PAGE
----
Ten years ago,
- virtually no companies were making public commitments regarding sustainability.
- most companies treated sustainability issues as operational issues – strictly limited to their factory walls.
- sustainability was seen as cost, not profit.
But quietly, many of the world’s most successful companies were looking at radically different approaches to creating sustainable businesses. Businesses designed to be environmentally sustainable, socially sustainable and economically sustainable. How they assessed sustainability and the approaches they took are changing the expectations of all businesses today.
Switch #1: Asking the right question
Most managers ask for proof that sustainability can be profitable. The result? Few dare risk their careers on a guess about whether unsupported change will be successful. Switch the question to “How can we make sustainability profitable?” and you get scores of ideas from within and outside the company. General Electric has used this technique in its Ecomagination Challenge to find new ideas, new businesses and new fans. It is doubling the rate of growth of its sustainability products vs conventional products with a view to providing only sustainable products to the market.
Switch #2: Committing to an end game
Toyota’s “Our aim: zero emissions” has guided the development of their processes as well as their products: they aim to ensure there is a hybrid and then a fully electric vehicle for each of their models. The result has been that they created and now dominate the market for low-emissions hybrid vehicles and have driven the industry commitment to electric cars.
Switch #3: Taking responsibility end-to-end
Similarly P&G’s commitment to zero waste from it’s products and packaging, or Coca-Cola’s to ensure that they generate as much water locally as they use, send a clear signal to communities, employees and NGOs that they are moving beyond doing ‘less bad’ and towards operating in a way that is consistent with nature.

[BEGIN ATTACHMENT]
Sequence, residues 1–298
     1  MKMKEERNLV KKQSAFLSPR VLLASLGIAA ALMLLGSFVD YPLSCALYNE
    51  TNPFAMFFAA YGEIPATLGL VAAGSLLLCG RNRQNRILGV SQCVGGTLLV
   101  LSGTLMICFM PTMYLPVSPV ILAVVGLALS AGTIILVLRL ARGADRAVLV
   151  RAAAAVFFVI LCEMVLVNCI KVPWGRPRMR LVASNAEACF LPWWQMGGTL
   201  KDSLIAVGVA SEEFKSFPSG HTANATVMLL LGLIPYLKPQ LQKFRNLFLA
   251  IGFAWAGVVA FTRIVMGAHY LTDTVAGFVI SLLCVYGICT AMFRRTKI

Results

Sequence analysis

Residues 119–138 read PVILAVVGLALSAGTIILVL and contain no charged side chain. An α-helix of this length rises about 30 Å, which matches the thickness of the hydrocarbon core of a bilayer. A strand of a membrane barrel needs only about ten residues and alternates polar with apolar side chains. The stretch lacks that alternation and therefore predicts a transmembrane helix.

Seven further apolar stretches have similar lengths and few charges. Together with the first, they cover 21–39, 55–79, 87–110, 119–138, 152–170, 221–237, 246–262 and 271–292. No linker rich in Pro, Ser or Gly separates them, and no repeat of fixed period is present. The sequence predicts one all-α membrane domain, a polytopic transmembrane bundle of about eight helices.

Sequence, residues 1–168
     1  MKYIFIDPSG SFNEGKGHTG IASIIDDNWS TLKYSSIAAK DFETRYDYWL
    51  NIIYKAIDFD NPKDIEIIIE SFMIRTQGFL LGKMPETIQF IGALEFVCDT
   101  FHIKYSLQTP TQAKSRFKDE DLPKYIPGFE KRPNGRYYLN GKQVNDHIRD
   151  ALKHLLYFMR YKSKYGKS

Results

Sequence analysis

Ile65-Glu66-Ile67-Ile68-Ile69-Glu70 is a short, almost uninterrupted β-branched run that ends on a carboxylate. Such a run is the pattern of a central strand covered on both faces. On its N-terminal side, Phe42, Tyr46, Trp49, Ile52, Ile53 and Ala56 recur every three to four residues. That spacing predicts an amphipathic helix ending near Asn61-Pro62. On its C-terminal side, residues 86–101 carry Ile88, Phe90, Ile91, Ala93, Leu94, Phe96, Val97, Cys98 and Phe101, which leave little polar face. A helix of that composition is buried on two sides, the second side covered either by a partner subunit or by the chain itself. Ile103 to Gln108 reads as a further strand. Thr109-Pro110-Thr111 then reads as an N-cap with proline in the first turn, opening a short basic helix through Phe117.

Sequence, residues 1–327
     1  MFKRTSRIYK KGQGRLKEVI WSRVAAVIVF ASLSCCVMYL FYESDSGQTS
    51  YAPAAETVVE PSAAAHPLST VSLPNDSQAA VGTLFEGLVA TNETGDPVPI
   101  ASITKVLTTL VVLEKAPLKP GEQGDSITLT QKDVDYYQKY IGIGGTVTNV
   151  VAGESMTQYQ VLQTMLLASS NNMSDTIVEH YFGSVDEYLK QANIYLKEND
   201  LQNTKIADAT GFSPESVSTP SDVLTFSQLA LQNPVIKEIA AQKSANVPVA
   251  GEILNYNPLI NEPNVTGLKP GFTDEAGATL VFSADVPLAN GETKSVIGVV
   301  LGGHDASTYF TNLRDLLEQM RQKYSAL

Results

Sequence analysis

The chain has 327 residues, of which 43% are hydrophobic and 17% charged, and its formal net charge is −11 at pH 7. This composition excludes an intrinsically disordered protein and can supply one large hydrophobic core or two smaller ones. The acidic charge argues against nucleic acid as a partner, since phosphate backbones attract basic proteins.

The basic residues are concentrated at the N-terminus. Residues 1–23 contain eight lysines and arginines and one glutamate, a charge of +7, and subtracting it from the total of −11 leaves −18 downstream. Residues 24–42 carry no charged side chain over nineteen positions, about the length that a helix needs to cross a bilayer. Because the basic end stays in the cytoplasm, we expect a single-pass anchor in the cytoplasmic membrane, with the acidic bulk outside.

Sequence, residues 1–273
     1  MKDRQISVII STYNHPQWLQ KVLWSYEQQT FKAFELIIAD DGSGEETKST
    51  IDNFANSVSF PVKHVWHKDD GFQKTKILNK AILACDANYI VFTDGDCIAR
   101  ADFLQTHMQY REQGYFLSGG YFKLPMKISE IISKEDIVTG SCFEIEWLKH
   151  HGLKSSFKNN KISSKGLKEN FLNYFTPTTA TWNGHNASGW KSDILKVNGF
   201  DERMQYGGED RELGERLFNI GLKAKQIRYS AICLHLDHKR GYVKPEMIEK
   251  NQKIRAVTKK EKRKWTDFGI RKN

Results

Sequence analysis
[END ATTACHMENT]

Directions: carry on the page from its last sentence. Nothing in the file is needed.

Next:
But the most game-changing move of all?
Reconsidering true costs by integrating the cost to the environment into P&L. Puma has put a monetary value on environmental impacts. The result – they are taking decisions that systematically decrease their use of materials, processes and logistics that are costly to the environment, in favour of those that have little or not cost.
Where to start?
Naturally, to get these benefits, employees and supply chains need to have an understanding of what sustainability means, and how value can be captured. And then – they need to be set free to innovate. As we have worked with our clients, we have done the research on how and what companies are doing to capture value. As we work with teams to help them engage and manage the change internally, we also have our eye on the external tools and drivers that can help make the switch. Let us know if you’d like to reconsider with us what switch could make the difference for you?
Caroline has had 20 years experience developing and running environmental/sustainability functions across the public, private and not-for-profit sectors. Connect with her here to discover more.
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